West Virginia Tawney Apple Case
Post-production deductions are a hot topic in the Appalachian Basin. If you practice or operate in West Virginia, you know that over the past 20 years, West Virginia has charted its own course and strayed from the majority of states when it comes to the law governing payouts. royalties and, in particular, post-production deductions. However, that could all change. September 13, 2021, in the case Kellam v. SWN Production Co.,1 the United States District Court for the Northern District of West Virginia has certified matters referred to the West Virginia Supreme Court of Appeal (the “Supreme Court”) that could have a significant impact on payments royalty and related litigation in the state. In particular, the Supreme Court can finally and directly examine whether Estate of Tawney v. Columbia Natural Resources, LLC2 is still good law in West Virginia. The certified questions are:
Is Tawney Still Good Law in West Virginia?
What is meant by “method of calculation” of the amount of post-production costs to be deducted?
Is a simple list of the types of fees that can be deducted enough to satisfy Tawney?
If post-production costs are to be deducted, are they limited to direct costs or can they also be deducted from indirect costs?
Under Tawney, a lessee must generally bear “all costs incurred in the exploration, production, marketing and transportation” of oil and gas to its point of sale.3 In other words, post-production deductions were not allowed unless (1) were expressly authorized by the lease and (2) actually incurred by the tenant.4 Tawney acknowledged that the parties may contractually agree to deviate from the general rule that the lessee bears post-production costs, but considered that in order to allow deductions a lease must (1) “expressly provide that the lessor will bear part of the costs “(2)” indicate with precision the specific deductions that the tenant intends to take “and (3)” indicate the method of calculating the amount to be deducted “.5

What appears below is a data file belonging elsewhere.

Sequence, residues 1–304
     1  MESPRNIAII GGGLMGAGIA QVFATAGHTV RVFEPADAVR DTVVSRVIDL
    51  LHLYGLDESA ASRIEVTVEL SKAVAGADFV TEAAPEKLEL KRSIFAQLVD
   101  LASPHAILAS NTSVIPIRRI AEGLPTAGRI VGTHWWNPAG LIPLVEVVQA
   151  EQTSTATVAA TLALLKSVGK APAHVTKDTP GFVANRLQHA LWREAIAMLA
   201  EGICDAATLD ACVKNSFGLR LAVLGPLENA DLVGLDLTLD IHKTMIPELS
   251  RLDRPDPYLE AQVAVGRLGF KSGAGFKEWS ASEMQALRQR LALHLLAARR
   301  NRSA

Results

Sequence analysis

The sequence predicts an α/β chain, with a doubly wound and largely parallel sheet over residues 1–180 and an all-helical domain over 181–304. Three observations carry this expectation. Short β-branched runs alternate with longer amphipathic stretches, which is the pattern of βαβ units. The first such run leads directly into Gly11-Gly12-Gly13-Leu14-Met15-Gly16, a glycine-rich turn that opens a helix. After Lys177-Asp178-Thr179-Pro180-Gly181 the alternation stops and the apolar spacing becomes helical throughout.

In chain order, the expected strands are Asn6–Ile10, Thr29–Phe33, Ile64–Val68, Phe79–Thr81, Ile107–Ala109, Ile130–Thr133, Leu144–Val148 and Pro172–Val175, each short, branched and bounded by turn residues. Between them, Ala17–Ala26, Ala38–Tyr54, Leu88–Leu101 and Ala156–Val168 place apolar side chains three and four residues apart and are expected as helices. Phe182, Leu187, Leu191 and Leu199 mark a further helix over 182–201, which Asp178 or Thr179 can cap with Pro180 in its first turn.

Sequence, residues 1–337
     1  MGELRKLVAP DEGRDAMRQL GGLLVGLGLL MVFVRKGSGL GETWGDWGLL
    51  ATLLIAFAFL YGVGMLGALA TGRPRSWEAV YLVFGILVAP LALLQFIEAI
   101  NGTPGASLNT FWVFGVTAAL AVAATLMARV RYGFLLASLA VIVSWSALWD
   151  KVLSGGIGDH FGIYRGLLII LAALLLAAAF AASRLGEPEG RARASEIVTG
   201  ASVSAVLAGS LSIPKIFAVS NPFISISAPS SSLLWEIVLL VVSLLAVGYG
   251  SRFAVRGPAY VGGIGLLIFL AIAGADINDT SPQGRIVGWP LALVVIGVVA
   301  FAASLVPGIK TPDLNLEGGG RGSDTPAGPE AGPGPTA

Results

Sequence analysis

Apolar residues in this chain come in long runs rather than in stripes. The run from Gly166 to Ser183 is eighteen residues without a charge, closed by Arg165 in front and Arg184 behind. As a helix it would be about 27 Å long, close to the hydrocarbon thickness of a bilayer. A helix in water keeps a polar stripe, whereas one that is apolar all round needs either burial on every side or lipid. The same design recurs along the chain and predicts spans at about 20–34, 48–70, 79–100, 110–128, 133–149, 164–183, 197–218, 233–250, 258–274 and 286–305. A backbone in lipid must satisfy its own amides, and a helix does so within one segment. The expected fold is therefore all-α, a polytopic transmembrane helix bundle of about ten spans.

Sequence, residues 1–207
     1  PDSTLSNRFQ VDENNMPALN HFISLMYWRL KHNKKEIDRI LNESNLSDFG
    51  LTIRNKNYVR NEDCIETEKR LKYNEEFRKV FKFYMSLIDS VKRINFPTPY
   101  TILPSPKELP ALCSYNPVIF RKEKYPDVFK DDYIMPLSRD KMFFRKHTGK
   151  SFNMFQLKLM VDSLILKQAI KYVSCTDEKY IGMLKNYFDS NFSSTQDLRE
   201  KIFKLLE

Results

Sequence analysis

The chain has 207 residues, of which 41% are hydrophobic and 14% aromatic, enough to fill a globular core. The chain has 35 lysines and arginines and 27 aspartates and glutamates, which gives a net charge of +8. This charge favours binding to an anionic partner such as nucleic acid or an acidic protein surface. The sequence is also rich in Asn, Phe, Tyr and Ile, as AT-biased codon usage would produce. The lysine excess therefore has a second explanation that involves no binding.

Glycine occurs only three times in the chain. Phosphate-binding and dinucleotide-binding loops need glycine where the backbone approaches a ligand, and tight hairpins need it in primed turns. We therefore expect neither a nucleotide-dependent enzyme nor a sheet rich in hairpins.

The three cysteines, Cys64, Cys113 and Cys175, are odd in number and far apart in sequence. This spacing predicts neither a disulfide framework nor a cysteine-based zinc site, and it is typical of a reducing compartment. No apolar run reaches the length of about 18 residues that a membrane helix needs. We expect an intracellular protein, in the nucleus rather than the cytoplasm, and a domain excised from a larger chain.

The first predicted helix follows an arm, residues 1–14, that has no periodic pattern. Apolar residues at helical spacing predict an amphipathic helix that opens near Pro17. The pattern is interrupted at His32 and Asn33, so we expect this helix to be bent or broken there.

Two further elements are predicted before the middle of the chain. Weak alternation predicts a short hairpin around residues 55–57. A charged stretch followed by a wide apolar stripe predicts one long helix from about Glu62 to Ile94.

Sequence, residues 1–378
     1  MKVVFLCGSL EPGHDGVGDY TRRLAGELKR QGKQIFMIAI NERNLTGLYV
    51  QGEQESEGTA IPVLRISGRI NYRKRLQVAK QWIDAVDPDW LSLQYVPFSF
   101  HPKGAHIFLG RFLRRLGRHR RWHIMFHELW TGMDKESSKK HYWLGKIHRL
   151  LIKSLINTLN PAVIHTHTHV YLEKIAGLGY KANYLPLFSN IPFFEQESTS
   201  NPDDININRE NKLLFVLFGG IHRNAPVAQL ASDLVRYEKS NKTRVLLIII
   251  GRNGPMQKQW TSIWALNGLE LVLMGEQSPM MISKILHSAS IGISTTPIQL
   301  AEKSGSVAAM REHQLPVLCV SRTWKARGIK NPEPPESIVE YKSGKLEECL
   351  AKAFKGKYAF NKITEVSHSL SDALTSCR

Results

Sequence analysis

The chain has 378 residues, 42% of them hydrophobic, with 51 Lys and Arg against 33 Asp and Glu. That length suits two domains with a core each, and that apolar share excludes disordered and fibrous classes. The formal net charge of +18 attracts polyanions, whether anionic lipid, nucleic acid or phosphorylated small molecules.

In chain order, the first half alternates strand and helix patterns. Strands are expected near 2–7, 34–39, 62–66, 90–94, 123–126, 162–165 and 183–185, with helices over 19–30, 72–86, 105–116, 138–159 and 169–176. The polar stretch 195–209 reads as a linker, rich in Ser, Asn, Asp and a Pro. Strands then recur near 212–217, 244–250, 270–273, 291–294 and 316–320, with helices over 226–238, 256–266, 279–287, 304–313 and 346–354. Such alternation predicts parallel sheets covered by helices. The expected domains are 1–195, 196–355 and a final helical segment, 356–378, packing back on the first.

The day after Tawney, state and federal courts have considered how the Tawney factors must be applied and consider whether current West Virginia law is applicable given the realities of the modern oil and gas industry.6 In Leggett c. EQT Production Co., the Supreme Court did everything possible to discuss “the defective legs on which [Tawney] and its iteration of the salable product rule is supposed to be valid ”,7 and instead noted that “the most logical way to determine the wellhead price is, in fact, to deduct post-production costs from the downstream price of ‘value added'”,8 although the court stopped before overthrowing Tawney. Following the example of the Supreme Court, the fourth circuit, in Young v. Equinor USA Onshore Properties, Inc., ruled that West Virginia “does not require an oil and gas lease to establish Einsteinian proof for calculating post-production costs”9 and instead, the “return work method” is sufficient, as long as post-production deductions are “reasonable” and “actually incurred”.ten It now appears that Kellam gives the Supreme Court the opportunity to review its decision in Tawney. Kellam is a putative class action lawsuit, in which the plaintiffs allege that their leases do not allow post-production deductions and, as a result, various tenants improperly deducted post-production costs when calculating royalties. The Kellam Court recognized that “the Supreme Court has cast a veil on Tawney when he criticized it is [sic] own participation in Leggett, “11 and, therefore, the state of the law is “so uncertain that this Court cannot accurately and reliably predict how these questions of law would be determined under West Virginia law.”12 If the Supreme Court accepts the case, it has the potential to clarify existing West Virginia law or overturn West Virginia post-production deduction law.
1No.5: 20-CV-85 (NDW Va.).
2633 SE2d 22 (W. Va. 2006).
3Syl. pt. 1, Tawney, 633 SE 2d-23 (citing Syl. Pt. 4, Wellman v. Energy Res., Inc., 557 SE2d 254, 256 (W. Va. 2001)).
4Syl. pt. 2, Tawney, 633 SE 2d to 23 (citing Syl. Pt. 5, Wellman, 557 SE2d to 256). 5Tawney, 633 SE2d at 24 years old.
6See Leggett v. EQT Prod. Co., 800 SE2d 850, 863, 867 (W. Va. 2017); Young v. Equinor USA Onshore Properties, Inc., 982 F.3d 201, 207 (4th Cir. 2020).
7Leggett c. EQT Prod. Co., 800 SE2d to 862.
8Identifier. to 866.
9Young, 982 F.3d to 208.
tenIdentifier. to 209.
11Kellam, # 5: 20-CV-85, at 25.
12Identifier. to 1.